It is like the lottery. Nobody believes that they will win but the payoff is so high that odds don’t matter. But it is not like the lottery, for change is not a one dollar bet.

The issue is credibility — the stock-in-trade of the entrepreneur.

The answer then, to “So what”, is reducing risk. The effect of narrowing the band of inertia is reducing resistance by reducing the perception of risk. And increasing the realization that risk in is in not changing. Less resistance, less passivity, less excessiveness – take your pick – reduces risk.

I suppose I’ve already answered “Who cares”. The entrepreneur cares because when the understanding of risk both in changing and not changing is measured, the reward doesn’t have to be stretched beyond his or her own reasoning — when or how much.

There is another reason. Entrepreneurs are highly dependent on those around them for success. When others are fully engaged it minimizes silly mistakes and refines implementation.

I have not answered what triggers an entrepreneur’s sense of a future abyss or what produces their peculiar foresight. I frankly don’t know. My experience, research and writing did not resolve the question. Interviews haven’t closed the gap. In some cases what they saw didn’t seem revolutionary.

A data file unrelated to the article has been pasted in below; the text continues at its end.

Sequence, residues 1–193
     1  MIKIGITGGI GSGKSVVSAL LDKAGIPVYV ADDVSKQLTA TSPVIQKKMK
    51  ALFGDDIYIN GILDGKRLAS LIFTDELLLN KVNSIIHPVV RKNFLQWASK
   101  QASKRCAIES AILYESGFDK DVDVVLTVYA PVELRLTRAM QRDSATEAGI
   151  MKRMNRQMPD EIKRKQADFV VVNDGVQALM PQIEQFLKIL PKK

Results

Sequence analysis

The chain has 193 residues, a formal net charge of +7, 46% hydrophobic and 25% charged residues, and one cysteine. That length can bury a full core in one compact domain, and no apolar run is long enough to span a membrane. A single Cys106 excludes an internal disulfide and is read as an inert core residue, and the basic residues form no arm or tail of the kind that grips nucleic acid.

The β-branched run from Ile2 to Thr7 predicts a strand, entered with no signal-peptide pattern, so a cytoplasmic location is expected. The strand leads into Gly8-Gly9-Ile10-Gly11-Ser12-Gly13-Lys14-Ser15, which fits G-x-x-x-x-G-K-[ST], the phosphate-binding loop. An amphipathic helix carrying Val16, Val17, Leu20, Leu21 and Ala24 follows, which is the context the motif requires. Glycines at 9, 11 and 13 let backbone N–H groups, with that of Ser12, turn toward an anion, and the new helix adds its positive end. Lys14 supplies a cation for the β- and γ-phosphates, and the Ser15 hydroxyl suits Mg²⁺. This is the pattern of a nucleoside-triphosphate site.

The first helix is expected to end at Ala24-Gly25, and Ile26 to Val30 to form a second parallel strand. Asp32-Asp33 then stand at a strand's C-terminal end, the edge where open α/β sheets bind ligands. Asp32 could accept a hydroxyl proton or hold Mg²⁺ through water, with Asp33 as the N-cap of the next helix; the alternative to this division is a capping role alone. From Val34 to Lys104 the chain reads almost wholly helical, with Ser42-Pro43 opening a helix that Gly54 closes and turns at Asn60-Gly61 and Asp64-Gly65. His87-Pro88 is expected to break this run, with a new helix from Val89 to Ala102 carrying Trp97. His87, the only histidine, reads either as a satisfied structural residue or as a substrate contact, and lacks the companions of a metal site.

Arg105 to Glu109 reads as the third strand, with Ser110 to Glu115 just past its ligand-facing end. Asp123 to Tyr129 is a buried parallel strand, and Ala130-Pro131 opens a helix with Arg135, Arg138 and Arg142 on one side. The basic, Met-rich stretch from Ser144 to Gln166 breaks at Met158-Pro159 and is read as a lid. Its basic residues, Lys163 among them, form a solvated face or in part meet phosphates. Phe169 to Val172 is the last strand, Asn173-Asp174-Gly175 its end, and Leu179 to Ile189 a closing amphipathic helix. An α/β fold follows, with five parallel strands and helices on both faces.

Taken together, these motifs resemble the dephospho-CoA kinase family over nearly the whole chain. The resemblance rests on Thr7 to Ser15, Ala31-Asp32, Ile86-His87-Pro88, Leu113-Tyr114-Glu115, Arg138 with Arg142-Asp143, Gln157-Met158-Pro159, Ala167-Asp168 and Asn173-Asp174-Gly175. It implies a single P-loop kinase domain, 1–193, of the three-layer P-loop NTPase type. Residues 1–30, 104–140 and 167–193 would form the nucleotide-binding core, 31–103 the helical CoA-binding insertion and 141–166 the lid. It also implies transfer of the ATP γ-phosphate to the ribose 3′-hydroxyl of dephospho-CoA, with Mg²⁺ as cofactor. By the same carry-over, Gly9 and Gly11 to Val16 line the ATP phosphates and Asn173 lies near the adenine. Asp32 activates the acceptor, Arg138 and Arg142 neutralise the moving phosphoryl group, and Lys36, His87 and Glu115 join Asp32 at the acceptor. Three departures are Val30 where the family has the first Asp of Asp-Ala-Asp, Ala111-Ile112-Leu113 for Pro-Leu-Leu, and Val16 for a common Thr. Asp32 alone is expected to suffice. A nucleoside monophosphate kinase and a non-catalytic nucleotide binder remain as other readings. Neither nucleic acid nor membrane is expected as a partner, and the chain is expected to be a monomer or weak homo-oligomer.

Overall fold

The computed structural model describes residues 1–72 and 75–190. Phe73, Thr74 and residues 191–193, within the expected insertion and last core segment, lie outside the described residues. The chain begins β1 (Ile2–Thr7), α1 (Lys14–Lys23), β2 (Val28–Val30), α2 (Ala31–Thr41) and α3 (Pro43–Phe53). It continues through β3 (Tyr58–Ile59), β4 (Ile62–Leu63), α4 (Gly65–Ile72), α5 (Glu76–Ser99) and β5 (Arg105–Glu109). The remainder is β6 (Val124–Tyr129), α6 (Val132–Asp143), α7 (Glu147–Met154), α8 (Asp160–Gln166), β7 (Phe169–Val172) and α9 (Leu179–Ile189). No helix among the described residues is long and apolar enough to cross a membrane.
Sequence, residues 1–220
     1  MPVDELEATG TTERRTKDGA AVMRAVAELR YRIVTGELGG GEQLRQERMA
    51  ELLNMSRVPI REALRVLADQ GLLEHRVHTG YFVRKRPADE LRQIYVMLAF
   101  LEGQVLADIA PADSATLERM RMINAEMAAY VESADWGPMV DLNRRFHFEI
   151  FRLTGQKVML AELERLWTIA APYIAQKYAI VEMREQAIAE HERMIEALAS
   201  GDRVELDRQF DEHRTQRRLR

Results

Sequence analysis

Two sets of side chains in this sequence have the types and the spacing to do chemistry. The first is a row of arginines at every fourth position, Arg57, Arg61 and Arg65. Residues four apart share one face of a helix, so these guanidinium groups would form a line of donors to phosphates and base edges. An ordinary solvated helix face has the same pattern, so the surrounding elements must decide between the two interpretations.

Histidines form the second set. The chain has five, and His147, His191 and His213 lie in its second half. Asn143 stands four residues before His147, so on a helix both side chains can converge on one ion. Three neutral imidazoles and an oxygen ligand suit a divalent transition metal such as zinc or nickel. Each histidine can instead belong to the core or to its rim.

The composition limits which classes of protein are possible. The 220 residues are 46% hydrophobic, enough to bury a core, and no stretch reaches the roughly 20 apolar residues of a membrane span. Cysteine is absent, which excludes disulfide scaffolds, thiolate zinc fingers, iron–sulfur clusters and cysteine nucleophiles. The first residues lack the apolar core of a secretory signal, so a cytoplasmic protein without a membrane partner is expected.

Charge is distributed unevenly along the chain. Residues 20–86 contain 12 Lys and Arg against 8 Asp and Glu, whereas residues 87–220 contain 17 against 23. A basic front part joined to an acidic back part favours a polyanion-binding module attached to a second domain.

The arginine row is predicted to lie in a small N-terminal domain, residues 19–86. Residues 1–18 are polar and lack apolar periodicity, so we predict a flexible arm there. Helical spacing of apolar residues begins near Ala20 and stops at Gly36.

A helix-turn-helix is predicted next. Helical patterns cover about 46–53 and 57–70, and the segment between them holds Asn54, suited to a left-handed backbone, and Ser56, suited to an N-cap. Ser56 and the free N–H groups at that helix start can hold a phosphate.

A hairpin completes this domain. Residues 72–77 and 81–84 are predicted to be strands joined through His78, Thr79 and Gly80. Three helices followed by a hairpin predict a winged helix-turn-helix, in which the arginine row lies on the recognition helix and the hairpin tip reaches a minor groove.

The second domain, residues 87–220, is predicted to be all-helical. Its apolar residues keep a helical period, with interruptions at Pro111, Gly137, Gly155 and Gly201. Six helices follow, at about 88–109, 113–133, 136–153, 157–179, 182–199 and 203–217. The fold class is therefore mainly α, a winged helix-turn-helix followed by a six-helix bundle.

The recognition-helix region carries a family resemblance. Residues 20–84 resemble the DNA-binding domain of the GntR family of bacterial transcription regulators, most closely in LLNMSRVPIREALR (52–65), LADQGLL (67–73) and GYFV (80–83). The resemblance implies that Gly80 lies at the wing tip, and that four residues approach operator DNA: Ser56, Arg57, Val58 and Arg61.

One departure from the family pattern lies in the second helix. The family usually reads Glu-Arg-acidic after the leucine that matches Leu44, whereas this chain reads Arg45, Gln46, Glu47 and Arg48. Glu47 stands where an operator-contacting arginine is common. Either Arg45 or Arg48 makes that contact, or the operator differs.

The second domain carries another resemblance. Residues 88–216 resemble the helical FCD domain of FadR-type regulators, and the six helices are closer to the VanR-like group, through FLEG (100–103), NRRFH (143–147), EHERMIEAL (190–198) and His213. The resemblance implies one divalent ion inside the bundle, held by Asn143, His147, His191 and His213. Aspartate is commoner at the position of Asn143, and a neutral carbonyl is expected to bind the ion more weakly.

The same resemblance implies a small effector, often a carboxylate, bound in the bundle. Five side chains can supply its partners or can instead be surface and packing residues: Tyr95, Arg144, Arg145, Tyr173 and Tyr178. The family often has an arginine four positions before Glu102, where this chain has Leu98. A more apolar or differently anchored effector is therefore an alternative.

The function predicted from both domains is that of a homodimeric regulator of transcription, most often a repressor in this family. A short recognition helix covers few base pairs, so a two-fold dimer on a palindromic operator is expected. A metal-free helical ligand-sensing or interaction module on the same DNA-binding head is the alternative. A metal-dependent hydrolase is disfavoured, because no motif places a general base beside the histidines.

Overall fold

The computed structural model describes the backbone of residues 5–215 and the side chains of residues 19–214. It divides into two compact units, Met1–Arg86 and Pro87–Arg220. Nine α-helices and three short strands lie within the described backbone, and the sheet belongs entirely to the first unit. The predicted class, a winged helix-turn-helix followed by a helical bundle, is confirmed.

That said while I don’t know how they see. It is however clear that what they see comes from the fact their world is not to confined to the world of the company. The narrow slice of the world of employees, customers, vendors does not define all of reality to them. It is perhaps their curse. It is, however, how they hold the keys to a better future. That is why those who work for, sell to, buy from are those who care.

Are entrepreneur right about the future, about the actions required, do they have to be right? I don’t think so; they only have to be more right than others. They are likely to be as most don’t get past the bonds of the present.

Now to finish the story of Jack’s customer: I didn’t think of comeback until I wrote my book. It is: “So what business advice do you buy from Jack?”